Ultimate Grimoire and Spellbook

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taken up his abode in the king's body; but was now happily cast forth by the
strong incantations of the poet.
After this the king fell into a deep sleep, and when he arose he was quite
well, and strong again as ever, in all the pride of his youth and beauty. At
this the people rejoiced much, for he was greatly loved, and the poet who
had restored him was honoured above all men in the land; for the king
himself took off the golden torque from his own neck, and placed it on that
of the poet, and he set him at his right hand at the feast.
Now a strange thing happened just at this time; for Fergus, King of the
North, fell ill, and wasted away to a shadow, and of all the beautiful meats
and wines they set before him he could taste nothing. So he died before a
year had passed by; and then Cathal the king wedded his beloved princess,
and they lived happily through many years.


The imprecations of the poets had often also a mysterious and fatal
King Breas, the pagan monarch, was a fierce, cruel, and niggardly man,
who was therefore very unpopular with the people, who hate the cold heart
and the grudging hand.
Amongst others who suffered by the king's inhospitality, was the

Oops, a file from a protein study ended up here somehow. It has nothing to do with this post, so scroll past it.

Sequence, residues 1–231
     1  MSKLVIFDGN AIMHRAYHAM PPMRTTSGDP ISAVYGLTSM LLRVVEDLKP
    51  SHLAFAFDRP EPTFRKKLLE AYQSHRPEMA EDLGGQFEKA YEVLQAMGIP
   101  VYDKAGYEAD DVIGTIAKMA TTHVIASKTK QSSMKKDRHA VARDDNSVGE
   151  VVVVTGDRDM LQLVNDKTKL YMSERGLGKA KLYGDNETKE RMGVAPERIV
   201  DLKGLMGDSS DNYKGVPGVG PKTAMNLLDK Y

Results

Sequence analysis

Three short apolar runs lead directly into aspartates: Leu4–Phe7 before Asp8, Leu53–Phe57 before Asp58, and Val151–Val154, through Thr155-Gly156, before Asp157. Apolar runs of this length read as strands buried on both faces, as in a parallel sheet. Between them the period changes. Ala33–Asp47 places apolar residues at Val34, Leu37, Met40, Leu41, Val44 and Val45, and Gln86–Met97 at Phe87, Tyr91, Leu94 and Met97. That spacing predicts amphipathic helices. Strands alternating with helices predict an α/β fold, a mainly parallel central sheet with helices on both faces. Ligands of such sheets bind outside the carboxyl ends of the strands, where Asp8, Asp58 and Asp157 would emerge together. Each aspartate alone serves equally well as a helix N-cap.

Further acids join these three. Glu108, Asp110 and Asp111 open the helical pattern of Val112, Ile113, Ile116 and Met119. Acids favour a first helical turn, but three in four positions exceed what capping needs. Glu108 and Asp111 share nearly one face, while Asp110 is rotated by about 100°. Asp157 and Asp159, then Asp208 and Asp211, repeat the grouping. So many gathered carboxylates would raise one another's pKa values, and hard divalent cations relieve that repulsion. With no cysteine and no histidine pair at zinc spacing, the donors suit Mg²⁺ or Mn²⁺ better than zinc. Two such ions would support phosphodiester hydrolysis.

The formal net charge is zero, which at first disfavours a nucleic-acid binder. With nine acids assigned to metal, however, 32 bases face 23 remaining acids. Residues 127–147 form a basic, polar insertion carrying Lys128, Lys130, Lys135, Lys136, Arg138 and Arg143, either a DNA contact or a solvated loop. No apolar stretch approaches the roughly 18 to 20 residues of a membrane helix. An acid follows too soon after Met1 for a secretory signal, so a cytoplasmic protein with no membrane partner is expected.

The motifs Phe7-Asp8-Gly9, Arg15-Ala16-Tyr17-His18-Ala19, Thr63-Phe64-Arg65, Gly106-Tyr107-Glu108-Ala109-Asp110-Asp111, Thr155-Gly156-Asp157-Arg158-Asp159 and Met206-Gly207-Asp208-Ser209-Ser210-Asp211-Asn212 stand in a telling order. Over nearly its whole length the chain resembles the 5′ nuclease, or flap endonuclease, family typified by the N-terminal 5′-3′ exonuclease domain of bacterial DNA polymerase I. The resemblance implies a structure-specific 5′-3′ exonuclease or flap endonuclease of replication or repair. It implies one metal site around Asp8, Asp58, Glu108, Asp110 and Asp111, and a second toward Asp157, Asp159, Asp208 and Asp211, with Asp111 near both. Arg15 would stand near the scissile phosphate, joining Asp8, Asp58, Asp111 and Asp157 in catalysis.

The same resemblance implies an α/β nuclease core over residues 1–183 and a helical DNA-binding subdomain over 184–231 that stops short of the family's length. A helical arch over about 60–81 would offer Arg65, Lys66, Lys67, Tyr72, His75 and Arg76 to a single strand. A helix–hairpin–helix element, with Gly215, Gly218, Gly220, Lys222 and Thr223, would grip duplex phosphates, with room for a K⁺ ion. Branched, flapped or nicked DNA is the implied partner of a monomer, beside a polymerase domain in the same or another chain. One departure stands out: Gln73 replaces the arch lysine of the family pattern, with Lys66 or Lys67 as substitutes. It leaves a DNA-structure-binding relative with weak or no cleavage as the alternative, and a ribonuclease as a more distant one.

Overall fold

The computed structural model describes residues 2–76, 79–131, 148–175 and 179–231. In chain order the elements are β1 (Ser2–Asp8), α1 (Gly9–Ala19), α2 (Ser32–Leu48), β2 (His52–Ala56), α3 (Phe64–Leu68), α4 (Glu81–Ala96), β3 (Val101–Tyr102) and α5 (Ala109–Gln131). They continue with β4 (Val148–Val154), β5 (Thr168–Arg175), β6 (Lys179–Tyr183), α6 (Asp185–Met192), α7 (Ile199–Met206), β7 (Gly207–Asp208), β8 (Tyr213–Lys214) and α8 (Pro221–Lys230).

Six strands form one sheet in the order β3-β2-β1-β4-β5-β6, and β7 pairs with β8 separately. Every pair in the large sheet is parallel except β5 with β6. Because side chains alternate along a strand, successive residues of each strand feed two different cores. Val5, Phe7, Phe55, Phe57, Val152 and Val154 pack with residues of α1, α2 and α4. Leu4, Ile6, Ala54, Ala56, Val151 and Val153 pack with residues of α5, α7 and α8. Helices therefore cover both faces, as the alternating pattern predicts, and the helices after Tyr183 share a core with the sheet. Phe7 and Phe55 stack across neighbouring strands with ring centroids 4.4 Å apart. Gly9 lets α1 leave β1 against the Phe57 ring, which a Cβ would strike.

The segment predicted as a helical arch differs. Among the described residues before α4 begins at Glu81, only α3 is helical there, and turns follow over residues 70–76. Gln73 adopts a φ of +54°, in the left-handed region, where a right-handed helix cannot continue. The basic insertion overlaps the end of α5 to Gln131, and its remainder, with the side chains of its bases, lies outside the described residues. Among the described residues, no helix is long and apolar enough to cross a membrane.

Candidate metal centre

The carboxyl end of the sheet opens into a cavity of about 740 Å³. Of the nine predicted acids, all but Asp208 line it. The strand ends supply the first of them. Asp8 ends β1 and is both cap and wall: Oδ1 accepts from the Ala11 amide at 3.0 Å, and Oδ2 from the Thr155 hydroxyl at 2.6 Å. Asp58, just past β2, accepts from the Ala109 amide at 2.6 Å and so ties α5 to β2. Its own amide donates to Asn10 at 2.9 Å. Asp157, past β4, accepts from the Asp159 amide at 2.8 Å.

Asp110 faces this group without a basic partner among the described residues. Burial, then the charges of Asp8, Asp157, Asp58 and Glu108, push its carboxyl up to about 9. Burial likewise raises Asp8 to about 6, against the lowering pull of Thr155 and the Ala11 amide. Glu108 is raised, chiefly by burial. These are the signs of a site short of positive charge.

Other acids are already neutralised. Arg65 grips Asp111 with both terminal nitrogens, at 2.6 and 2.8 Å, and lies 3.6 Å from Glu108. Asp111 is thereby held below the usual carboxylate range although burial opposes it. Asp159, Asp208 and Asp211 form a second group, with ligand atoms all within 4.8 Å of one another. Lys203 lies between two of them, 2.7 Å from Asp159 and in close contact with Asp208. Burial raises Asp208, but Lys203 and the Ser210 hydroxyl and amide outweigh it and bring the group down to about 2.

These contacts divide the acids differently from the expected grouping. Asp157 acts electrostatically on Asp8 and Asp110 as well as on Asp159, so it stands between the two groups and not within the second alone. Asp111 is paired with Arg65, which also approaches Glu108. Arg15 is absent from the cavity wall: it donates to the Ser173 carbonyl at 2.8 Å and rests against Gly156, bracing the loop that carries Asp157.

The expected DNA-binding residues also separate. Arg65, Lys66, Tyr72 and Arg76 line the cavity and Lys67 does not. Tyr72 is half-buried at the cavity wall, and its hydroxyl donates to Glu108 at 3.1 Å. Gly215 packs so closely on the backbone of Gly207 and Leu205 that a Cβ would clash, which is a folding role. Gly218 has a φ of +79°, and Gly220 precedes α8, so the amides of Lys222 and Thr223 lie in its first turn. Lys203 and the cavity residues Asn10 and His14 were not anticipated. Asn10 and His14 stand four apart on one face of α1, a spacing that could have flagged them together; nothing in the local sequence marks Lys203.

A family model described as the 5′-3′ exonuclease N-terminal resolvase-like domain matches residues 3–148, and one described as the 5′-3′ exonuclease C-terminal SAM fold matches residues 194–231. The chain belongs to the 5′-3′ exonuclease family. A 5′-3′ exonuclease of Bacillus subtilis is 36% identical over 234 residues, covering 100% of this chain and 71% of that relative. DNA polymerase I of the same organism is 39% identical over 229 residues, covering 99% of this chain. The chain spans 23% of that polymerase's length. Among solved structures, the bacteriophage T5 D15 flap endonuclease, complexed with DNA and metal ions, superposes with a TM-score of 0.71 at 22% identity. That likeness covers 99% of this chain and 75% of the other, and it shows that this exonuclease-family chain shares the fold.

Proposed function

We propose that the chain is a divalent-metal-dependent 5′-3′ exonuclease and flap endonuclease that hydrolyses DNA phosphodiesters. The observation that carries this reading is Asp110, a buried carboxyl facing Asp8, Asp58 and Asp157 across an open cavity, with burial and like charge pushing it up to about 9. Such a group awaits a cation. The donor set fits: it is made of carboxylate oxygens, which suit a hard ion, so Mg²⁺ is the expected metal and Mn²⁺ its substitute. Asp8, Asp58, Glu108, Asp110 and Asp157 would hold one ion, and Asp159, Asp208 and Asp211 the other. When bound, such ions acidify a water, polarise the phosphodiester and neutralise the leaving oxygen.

renowned Carbury the poet, son of Eodain, the great poetess of the Tuatha-
de-Danann race; she who chanted the song of victory when her people
conquered the Firbolgs, on the plains of Moytura; and the stone that she
stood on, during the battle, in sight of all the warriors, is still existing, and is
pointed out as the stone of Eodain the poetess, with great reverence, even to
this day.
It was her son, Carburv the poet, who was held in such high honour by
the nation, that King Breas invited him to his court, in order that he might
pronounce a powerful malediction over the enemy with whom he was then
at war.
Carbury came on the royal summons, but. in place of being treated with
the distinction due to his high rank, he was lodged and fed so meanly that
the soul of the poet raged with wrath for the king gave him for lodgement
only a small stone cell with-out fire or a bed; and for food he had only three
cakes of meal without any flesh meat or sauce, and no wine was given him,
such wine as is fit to light up the poet's soul before the divine mystic spirit
of song can awake in its power within him. So very early the next morning,
the poet rose up and departed, with much rage in his heart. But as he passed
the king's house he stopped, and in place of a blessing, pronounced a

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